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Menopause Journal: The Menopausal Menu

Menopause-friendly Diet

Crohn's doesn't help any diet. Often I'm nauseous in the morning, unable to eat, and starving later on. When Crohn's is active, I can't eat for days. My metabolism becomes confused, and when I feel better, I fill up on comfort foods to compensate for the deprivation. Can a menopausal diet help?

The essentials for the menopausal menu are calcium, phytoestrogens and antioxidants. Calcium is important for the menopausal woman, who needs at least 1,000 milligrams per day, plus vitamin D, to prevent bone loss.

Soybeans and soy products are recommended by nutritionists and traditional, as well as homeopathic, doctors because of the high content of phytoestrogens, natural plant estrogens that studies indicate have beneficial effects. A diet rich in soy isoflavones claims to decrease hot flashes, depression, moodiness and sleeplessness, as well as restore vaginal moisture. Studies at Bowman Gray Medical School indicated that the consumption of 30 to 40 grams of soy per day lowered blood pressure and cholesterol. Studies at the University of Illinois showed increased bone density. Soy is recommended for breast cancer prevention.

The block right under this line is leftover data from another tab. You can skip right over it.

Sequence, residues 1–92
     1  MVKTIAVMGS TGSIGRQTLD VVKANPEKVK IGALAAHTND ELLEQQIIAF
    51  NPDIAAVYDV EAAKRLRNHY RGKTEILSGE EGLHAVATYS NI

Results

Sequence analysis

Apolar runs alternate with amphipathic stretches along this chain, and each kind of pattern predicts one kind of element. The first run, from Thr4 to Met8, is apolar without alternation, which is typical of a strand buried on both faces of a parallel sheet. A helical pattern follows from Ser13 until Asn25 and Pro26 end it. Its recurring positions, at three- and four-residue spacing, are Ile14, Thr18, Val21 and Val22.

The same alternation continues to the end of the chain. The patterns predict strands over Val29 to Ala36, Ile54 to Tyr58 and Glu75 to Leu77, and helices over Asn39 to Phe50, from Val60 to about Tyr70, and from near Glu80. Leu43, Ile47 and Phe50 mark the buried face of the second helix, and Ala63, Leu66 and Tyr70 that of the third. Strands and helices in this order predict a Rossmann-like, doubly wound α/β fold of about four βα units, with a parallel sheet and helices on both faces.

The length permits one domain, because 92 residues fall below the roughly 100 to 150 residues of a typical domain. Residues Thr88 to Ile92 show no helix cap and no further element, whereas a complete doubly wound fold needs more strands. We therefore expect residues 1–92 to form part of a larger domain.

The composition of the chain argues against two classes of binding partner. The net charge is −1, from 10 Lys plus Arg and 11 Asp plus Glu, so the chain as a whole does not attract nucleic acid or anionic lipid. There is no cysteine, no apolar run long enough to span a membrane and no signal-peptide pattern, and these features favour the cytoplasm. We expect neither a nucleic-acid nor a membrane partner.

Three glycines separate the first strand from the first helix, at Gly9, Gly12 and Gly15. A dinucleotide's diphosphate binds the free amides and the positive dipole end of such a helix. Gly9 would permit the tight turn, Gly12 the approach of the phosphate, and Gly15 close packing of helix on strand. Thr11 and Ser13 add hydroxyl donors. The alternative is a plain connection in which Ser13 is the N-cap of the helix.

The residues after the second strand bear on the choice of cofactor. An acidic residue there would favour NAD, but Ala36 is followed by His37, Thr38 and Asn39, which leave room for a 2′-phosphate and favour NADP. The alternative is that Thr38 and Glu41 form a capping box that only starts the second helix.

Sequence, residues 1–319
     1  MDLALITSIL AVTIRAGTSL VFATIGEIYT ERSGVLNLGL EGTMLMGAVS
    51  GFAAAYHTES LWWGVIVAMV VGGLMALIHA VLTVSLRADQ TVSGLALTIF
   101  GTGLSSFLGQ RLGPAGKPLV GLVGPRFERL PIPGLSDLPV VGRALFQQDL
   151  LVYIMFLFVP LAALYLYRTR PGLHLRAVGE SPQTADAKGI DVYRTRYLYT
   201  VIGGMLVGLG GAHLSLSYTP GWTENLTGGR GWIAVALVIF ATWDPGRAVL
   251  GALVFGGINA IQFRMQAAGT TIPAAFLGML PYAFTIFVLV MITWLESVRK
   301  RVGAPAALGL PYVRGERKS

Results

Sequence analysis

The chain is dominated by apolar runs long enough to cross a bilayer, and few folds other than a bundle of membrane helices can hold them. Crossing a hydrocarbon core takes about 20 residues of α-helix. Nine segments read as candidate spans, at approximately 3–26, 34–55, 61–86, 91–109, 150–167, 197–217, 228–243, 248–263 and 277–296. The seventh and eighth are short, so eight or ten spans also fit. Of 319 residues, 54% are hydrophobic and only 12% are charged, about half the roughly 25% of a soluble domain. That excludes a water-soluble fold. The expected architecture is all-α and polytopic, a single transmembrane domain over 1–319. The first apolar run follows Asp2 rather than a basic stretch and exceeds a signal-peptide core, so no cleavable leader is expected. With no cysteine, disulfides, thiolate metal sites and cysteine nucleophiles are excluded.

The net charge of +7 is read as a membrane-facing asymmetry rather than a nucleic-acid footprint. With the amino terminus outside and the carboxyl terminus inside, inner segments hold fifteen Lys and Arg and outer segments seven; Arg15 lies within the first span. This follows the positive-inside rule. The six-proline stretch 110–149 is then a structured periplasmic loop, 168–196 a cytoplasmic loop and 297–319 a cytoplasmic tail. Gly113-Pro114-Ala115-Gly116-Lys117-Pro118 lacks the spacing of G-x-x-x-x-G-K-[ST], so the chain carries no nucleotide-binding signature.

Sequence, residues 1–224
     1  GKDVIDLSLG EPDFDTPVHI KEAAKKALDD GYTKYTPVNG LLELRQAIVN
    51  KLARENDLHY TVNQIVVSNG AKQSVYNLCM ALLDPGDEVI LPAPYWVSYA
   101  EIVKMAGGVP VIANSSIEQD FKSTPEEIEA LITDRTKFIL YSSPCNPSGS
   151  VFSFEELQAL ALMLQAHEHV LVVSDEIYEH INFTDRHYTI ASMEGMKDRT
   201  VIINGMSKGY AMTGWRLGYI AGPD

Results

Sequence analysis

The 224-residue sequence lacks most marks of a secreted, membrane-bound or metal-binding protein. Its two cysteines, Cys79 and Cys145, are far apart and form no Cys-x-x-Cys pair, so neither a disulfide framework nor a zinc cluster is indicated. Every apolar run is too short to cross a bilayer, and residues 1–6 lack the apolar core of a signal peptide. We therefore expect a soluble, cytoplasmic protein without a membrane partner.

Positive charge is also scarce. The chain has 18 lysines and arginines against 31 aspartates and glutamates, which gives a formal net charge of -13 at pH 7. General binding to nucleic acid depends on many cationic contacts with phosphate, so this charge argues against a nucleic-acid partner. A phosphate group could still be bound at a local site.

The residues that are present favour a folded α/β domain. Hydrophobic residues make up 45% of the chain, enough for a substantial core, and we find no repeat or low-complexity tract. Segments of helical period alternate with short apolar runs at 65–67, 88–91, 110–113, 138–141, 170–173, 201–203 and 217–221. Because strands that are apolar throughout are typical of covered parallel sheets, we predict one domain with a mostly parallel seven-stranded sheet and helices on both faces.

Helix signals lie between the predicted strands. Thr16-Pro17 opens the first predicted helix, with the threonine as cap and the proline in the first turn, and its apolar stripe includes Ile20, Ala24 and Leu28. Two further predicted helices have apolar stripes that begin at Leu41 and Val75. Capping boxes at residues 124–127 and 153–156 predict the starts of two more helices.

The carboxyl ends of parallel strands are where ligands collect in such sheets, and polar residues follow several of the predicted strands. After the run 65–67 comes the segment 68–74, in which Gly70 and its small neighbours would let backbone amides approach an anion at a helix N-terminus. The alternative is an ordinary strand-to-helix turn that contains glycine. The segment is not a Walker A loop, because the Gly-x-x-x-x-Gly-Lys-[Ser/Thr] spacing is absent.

Some people probably like a good helping of soybeans twice a day, but the only soy "products" (is a food product a food?) I like are soy sauce and the deep-fried tofu in masaman curry at the local Thai restaurant. I've ordered a free sample of soy "milk."

Coffee depletes calcium, but green tea has antioxidants, the compounds that prevent oxidation, a process thought to lead to clogged arteries. Antioxidants are recommended to prevent cardiovascular disease. Vitamins E, A and C are high in antioxidants and are good for the prevention of bone loss.

Blueberries are high in antioxidants, and I've been happy to eat a bowl of fresh ones every day for a few weeks, but the season is over and I'm faced with giving up coffee for tea, cutting back on carbohydrates and dairy products, and choking down vitamins with soy milk. It's no wonder women go into depression in menopause. Studies of chocolate show that its chemicals have an effect on the neurotransmitters in the brain, giving a sense of well-being, a "lift," a "good feeling." I'd better have a piece of emergency chocolate now!